The Eastern Tradition In Contrast It Is


Different takes on the Hero’s Tale; it seems the Eastern tradition begins with the young hero’s apprenticeship to some sort of fight Master, the Sensei — the Sensei’s wisdom, skills, the young apprentice’s bumbling, discoveries of self under discipline—etc.

In the West the stories concentrate more on the Band Of Brothers theme. Both are probably tens of thousands of years old. Band of Brothers, from Ulysses to Saving Private Ryan.

There are always exceptions but in general I am talking.

The Eastern tradition is in full flower on YouTube. So many young filmmakers or would-be filmmakers doing action shorts wherein fighters fling themselves at one another in the best Shinobi tradition and many of them have to do with the apprentice/master plot. Variations are endless. The apprentice who is talented, the one who appears to be a bumbler, the young man from a humble background, the apprentice who wants to use his skills for evil ends; a harsh master, a silent one; the variations are without number. There always seems to be the required scene of reverence for the Sensei, obedience to some strange requirement or task that turns out later to make sense.


In this Eastern aspect tradition is vital; the Shinobi Sensei has of course at one time been an apprentice himself, learning from a master, who learned from a master…going back centuries, perhaps millennia. Using the Band Of Brothers construction, the band of young warriors seem always to have sprung up w/o antecedents. The Band Of Brothers theme has a lot of energy to it.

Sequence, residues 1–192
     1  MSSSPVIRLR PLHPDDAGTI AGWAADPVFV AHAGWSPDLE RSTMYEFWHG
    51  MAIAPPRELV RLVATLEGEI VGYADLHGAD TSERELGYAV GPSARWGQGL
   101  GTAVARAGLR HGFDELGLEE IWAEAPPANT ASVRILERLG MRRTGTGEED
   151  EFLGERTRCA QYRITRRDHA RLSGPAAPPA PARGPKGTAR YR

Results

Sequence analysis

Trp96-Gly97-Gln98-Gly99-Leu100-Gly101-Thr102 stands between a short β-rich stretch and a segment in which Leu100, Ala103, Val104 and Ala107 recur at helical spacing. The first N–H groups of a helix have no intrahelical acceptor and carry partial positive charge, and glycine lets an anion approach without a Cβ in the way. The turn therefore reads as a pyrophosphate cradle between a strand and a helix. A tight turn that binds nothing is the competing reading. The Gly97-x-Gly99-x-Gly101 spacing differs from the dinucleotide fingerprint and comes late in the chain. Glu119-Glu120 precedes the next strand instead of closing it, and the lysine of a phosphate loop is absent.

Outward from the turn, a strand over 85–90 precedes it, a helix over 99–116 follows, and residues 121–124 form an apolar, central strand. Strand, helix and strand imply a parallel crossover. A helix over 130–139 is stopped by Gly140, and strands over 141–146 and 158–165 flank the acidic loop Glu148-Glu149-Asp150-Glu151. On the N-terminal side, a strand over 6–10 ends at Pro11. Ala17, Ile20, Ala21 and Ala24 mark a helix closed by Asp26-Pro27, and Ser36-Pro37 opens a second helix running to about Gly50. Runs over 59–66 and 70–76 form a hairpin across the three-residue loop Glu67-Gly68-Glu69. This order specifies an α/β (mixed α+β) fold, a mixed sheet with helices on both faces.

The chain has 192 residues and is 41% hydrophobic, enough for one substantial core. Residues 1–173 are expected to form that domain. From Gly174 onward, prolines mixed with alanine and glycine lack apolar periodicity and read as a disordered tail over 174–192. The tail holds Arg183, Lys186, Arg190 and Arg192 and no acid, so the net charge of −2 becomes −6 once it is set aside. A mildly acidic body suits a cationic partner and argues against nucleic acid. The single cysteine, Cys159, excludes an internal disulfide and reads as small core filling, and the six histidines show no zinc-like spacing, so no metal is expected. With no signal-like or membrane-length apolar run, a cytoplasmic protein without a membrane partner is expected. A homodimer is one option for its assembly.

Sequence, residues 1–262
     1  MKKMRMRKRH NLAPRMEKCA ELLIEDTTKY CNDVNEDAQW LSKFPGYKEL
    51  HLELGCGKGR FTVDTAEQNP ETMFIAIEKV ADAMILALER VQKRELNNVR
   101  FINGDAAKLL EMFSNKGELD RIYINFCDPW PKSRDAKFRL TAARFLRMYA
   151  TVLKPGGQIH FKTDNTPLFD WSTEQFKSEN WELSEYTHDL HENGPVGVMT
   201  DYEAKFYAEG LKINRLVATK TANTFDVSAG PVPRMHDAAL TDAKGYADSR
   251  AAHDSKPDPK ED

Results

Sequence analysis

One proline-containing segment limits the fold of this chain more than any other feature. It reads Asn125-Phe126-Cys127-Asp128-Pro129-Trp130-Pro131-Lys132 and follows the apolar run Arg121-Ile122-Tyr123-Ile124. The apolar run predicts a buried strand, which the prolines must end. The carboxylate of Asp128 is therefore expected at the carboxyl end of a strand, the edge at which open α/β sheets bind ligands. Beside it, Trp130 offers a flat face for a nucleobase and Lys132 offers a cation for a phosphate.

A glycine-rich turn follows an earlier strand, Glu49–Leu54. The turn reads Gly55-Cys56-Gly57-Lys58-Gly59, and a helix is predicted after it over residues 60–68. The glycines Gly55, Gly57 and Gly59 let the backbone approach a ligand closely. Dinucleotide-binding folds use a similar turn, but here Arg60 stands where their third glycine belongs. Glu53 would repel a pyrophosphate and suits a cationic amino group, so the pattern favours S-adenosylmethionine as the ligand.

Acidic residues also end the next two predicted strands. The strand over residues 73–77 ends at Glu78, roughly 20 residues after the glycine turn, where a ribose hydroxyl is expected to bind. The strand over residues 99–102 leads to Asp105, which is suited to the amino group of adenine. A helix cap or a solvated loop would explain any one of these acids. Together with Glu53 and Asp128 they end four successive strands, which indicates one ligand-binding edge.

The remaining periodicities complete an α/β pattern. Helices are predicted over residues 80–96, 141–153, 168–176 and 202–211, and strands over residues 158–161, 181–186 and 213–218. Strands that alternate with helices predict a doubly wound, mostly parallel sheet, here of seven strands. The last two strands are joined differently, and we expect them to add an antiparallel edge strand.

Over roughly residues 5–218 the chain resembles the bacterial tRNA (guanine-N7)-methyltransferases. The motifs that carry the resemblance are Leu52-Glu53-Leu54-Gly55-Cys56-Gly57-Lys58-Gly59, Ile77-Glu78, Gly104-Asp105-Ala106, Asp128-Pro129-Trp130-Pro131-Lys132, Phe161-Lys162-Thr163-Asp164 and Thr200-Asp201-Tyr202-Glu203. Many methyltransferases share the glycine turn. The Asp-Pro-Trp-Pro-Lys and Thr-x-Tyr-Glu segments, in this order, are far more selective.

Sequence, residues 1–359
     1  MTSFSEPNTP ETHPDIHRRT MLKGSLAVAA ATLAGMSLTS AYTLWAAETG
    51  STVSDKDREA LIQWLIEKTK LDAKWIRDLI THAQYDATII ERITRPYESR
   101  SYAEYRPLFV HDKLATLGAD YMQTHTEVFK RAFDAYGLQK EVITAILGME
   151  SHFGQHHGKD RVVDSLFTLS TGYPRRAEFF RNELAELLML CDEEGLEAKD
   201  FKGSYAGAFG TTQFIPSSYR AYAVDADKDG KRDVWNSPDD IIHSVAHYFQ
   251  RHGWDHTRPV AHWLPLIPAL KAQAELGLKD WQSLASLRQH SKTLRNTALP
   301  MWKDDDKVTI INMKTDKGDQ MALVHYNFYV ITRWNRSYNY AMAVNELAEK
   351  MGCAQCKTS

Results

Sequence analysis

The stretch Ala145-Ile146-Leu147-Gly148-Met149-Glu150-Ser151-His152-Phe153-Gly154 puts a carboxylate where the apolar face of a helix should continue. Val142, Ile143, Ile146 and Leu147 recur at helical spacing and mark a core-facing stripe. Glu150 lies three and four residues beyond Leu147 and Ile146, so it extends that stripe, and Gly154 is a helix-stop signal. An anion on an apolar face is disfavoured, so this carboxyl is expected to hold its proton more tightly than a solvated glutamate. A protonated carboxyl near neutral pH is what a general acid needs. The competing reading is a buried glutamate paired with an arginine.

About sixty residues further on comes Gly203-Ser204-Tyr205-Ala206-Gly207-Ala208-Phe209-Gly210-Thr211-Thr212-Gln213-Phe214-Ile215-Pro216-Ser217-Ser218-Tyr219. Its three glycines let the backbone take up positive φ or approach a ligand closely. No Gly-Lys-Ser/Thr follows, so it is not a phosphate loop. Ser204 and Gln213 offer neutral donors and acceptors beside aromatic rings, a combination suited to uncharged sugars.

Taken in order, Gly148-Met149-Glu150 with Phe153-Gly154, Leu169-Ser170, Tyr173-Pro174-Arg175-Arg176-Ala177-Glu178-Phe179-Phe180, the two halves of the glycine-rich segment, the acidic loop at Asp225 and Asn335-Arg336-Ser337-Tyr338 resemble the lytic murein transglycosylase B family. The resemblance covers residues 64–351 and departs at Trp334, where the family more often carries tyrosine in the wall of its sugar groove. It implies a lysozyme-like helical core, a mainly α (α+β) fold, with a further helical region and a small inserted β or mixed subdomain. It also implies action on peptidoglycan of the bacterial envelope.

In the Eastern take, deep respect for tradition. The Brothers in the Band, on the other hand, are irreverent and out to break rules. Much of the plot of the Young Apprentice revolves around a harsh master who seems to impose arbitrary and impossible tasks; young apprentice obediently takes them on, much hilarity ensues, finally triumphs.

The Shinobi Sensei also uses surprising methods to teach the young apprentice. Much depends on the Sensei’s ability to understand his students, to pay keen attention to their skills, failings, etc. In other words in the Eastern tradition a Good Parent we have, although often disguised as a martinet.

So in the Eastern tradition these tales have a two-part plot; apprenticeship, harsh master, then out into the world to involve oneself in revenge dramas or the destruction of thuggish persons etc. The Western tradition is far more individualistic. Both are interesting.